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  33. added 2013-11-07
    Universal Robustness of Scale‐Free Networks Against Cascading Edge Failures.Jian-Wei Wang - 2012 - Complexity 17 (6):17-23.
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  34. added 2013-11-07
    Robustness Analysis Disclaimer: Please Read the Manual Before Use!Jaakko Kuorikoski, Aki Lehtinen & Caterina Marchionni - 2012 - Biology and Philosophy 27 (6):891-902.
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  35. added 2013-11-07
    Using Inferential Robustness to Establish the Security of an Evidence Claim.Kent Staley - unknown
    : Evidence claims depend on fallible assumptions. This paper discusses inferential robustness as a strategy for justifying evidence claims in spite of this fallibility. I argue that robustness can be understood as a means of establishing the partial security of evidence claims. An evidence claim is secure relative to an epistemic situation if it remains true in all scenarios that are epistemically possible relative to that epistemic situation.
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  36. added 2013-11-07
    True Lies: Realism, Robustness, and Models.Jay Odenbaugh - 2011 - Philosophy of Science 78 (5):1177-1188.
  37. added 2013-11-07
    Robustness and Idealization in Models of Cognitive Labor.Ryan Muldoon & Michael Weisberg - 2011 - Synthese 183 (2):161-174.
    Scientific research is almost always conducted by communities of scientists of varying size and complexity. Such communities are effective, in part, because they divide their cognitive labor: not every scientist works on the same project. Philip Kitcher and Michael Strevens have pioneered efforts to understand this division of cognitive labor by proposing models of how scientists make decisions about which project to work on. For such models to be useful, they must be simple enough for us to understand their dynamics, (...)
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  38. added 2013-11-07
    Economic Modelling as Robustness Analysis.J. Kuorikoski, A. Lehtinen & C. Marchionni - 2010 - British Journal for the Philosophy of Science 61 (3):541-567.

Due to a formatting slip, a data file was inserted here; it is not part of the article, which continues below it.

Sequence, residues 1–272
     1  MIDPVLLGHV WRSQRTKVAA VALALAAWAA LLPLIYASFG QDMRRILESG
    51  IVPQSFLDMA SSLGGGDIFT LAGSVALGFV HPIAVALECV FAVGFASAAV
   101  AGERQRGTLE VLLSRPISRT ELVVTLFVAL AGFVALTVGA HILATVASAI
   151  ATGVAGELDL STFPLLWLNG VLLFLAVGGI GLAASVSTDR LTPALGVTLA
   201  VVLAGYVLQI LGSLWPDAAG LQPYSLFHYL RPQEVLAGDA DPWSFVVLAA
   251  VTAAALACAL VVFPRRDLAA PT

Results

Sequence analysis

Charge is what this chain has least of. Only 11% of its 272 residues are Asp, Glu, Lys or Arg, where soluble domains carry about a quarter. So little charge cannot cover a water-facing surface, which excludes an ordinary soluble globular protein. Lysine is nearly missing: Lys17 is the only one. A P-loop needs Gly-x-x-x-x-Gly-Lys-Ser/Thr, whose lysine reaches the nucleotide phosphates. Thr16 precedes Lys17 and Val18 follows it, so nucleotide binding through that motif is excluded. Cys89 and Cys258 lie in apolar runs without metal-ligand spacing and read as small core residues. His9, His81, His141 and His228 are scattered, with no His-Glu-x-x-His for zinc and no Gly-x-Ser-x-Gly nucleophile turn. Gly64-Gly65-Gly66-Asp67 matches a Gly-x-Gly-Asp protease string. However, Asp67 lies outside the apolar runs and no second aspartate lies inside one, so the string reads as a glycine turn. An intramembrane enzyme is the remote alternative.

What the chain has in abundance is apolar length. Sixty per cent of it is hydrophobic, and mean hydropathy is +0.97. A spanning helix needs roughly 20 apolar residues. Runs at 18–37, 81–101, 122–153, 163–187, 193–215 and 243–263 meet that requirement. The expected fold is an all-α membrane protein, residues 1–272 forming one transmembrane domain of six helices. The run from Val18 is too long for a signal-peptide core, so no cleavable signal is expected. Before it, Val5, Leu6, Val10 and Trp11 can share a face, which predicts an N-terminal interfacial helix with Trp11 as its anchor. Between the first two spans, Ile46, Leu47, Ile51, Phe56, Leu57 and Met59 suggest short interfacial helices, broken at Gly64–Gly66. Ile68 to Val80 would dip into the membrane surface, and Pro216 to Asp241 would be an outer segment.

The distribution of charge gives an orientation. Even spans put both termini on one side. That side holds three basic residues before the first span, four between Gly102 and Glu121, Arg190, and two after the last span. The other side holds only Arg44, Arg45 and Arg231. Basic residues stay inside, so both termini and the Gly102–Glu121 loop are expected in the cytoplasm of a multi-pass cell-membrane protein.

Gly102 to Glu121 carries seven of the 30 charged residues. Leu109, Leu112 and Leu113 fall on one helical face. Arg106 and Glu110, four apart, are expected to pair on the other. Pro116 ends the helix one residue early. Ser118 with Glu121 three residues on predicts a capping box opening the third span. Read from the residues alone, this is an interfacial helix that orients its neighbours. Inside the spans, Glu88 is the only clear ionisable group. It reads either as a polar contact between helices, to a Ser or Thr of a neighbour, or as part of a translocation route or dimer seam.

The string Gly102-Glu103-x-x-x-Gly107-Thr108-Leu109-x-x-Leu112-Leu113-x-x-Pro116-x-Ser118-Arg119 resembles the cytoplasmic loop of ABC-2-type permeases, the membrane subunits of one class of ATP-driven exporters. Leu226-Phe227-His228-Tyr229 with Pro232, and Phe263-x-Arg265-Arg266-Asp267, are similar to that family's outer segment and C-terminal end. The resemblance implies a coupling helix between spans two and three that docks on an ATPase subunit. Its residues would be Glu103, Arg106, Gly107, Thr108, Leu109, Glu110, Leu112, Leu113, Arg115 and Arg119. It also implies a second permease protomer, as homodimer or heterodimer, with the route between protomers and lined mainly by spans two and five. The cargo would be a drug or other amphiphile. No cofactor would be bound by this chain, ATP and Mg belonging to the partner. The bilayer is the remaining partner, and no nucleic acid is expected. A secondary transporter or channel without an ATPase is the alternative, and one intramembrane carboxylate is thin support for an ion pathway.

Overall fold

We claim that the process of theoretical model refinement in economics is best characterised as robustness analysis: the systematic examination of the robustness of modelling results with respect to particular modelling assumptions. We argue that this practise has epistemic value by extending William Wimsatt's account of robustness analysis as triangulation via independent means of determination. For economists robustness analysis is a crucial methodological strategy because their models are often based on idealisations and abstractions, and it is usually difficult to tell (...)
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  39. added 2013-11-07
    Topological Explanations and Robustness in Biological Sciences.Philippe Huneman - 2010 - Synthese 177 (2):213-245.
    This paper argues that besides mechanistic explanations, there is a kind of explanation that relies upon “topological” properties of systems in order to derive the explanandum as a consequence, and which does not consider mechanisms or causal processes. I first investigate topological explanations in the case of ecological research on the stability of ecosystems. Then I contrast them with mechanistic explanations, thereby distinguishing the kind of realization they involve from the realization relations entailed by mechanistic explanations, and explain how both (...)
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  40. added 2013-11-07
    Confirmation and Robustness of Climate Models.Elisabeth A. Lloyd - 2010 - Philosophy of Science 77 (5):971–984.
    Recent philosophical attention to climate models has highlighted their weaknesses and uncertainties. Here I address the ways that models gain support through observational data. I review examples of model fit, variety of evidence, and independent support for aspects of the models, contrasting my analysis with that of other philosophers. I also investigate model robustness, which often emerges when comparing climate models simulating the same time period or set of conditions. Starting from Michael Weisberg’s analysis of robustness, I conclude that his (...)
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  41. added 2013-11-07
    Robustness, Discordance, and Relevance.Jacob Stegenga - 2009 - Philosophy of Science 76 (5):650-661.
    Robustness is a common platitude: hypotheses are better supported with evidence generated by multiple techniques that rely on different background assumptions. Robustness has been put to numerous epistemic tasks, including the demarcation of artifacts from real entities, countering the “experimenter’s regress,” and resolving evidential discordance. Despite the frequency of appeals to robustness, the notion itself has received scant critique. Arguments based on robustness can give incorrect conclusions. More worrying is that although robustness may be valuable in ideal evidential circumstances (i.e., (...)
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  42. added 2013-11-07